I used to be a high school government teacher. I can remember many different times in which a student said something inappropriate, and then tried to explain to me that they could say whatever they wanted because of the “freedom of speech.” It’s unfortunate how often this happens.

There has been a lot of discussion lately regarding the “freedom of speech” applied towards whether a particular person or political viewpoint can speak at a college or at a gathering. The phrase “freedom of speech” has recently been used both as a sword and as a shield; but there is often little or a misguided understanding about what comprises the freedom of speech. When we don’t know what is meant by “free speech”, our political discourse is ultimately unproductive. I think it’s time that we try to clear up some lingering confusion.

The First Amendment to the United States Constitution provides that “Congress shall make no law . . . . abridging the freedom of speech”. The freedom of speech does not include libel or slander (making false statements either in writing or verbally), it does not include incitement (provoking lawlessness—think DAPL); the freedom of speech also does not include obscenity (the definition of which is more amoeba like). The First Amendment is supposed to protect political speech—the type of speech that may be unpopular but still can be presented in the marketplace of political ideas. To be clear, hateful speech can also be constitutionally protected, assuming that it does not slide into unprotected speech, i.e., libel or slander, or incitement.

[mks_pullquote align=”right” width=”300″ size=”24″ bg_color=”#ffffff” txt_color=”#000000″]Roy Moore’s viewpoints about homosexuality and Peter Tefft’s views about race are largely hateful. But the First Amendment protects their ability to make their case.[/mks_pullquote]

Here is an example- a person who carries a banner outside the US Courthouse in Minot that states “Donald Trump’s (or fill in the blanks with any other person for that matter) political views are idiotic and misguided and hateful” is making speech that is protected by the First Amendment. If, however, the speaker or banner (or Facebook post) tries to convince their audience that they should inflict bodily harm on the President or other senseless lawlessness, it is not free speech.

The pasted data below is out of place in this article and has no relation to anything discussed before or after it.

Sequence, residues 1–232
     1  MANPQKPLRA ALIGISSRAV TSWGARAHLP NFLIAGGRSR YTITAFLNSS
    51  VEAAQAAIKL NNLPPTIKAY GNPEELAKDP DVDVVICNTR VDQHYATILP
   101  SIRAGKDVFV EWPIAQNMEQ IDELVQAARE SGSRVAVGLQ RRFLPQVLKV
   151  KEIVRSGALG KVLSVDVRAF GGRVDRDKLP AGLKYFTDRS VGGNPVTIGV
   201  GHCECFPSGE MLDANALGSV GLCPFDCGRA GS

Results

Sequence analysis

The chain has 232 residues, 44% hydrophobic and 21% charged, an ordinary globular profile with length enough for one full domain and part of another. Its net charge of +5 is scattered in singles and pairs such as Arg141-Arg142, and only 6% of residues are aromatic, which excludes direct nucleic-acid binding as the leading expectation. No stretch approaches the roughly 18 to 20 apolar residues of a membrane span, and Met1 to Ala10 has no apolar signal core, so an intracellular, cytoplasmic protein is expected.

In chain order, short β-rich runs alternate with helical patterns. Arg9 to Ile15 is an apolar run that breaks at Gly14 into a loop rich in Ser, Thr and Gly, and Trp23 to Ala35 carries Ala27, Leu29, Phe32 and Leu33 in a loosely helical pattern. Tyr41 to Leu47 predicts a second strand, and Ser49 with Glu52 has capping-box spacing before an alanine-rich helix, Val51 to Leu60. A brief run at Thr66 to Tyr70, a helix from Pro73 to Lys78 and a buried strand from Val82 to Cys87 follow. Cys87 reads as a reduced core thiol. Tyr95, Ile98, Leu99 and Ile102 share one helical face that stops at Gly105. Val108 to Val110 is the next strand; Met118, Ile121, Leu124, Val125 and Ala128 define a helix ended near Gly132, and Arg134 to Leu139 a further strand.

To be fair, “freedom of speech” does not necessarily apply towards conduct in the business world. You can have a political opinion about something, but an employer can prohibit political expression at your job. Oliver Wendell Holmes, Jr. once write “an employee may have a constitutional right to talk politics, but he has no constitutional right to be employed.” You can express your views about a political issue on Facebook, but that doesn’t mean that Facebook (which is a private business entity) is obliged to let you say anything you see fit. Likewise, Facebook (or any entity that publishes “stuff” on the web) can remove comments as it sees fit.

Concordia College is a private higher education institution. It does not have to be an open forum for anything, much less conservative or liberal political speakers. It can invite who it sees fit to invite, and rescind invitations for whatever reason. Concordia College is not public property. It does not have to let anyone who is not an employee or student be on campus. The “freedom of speech” does not mandate that Concordia College permit all political viewpoints (or any for that matter) to come to campus. If a person doesn’t like how Concordia determines curriculum, speakers, or anything else, they are free to not attend Concordia.

Slightly different considerations apply for public institutions, venues, spaces, parades, etc, because they are supposed to be open to everyone. We too often assume that “freedom of speech” permits a person to say (or write) anything, anytime, anywhere. That’s not so, but we’re not turning into a Soviet gulag here, folks. It is just important to consider that the freedom of speech that is enshrined in the Bill of Rights is not carte blanche to say anything, anytime, anyplace, and to anyone. But likewise, the freedom of speech is intended to protect unpopular viewpoints, even abhorrent viewpoints that will hopefully lose in the marketplace of political ideas. Roy Moore’s viewpoints about homosexuality and Peter Tefft’s views about race are largely hateful. But the First Amendment protects their ability to make their case.

The marketplace is rejecting their viewpoints, and that’s the whole point of the freedom of speech.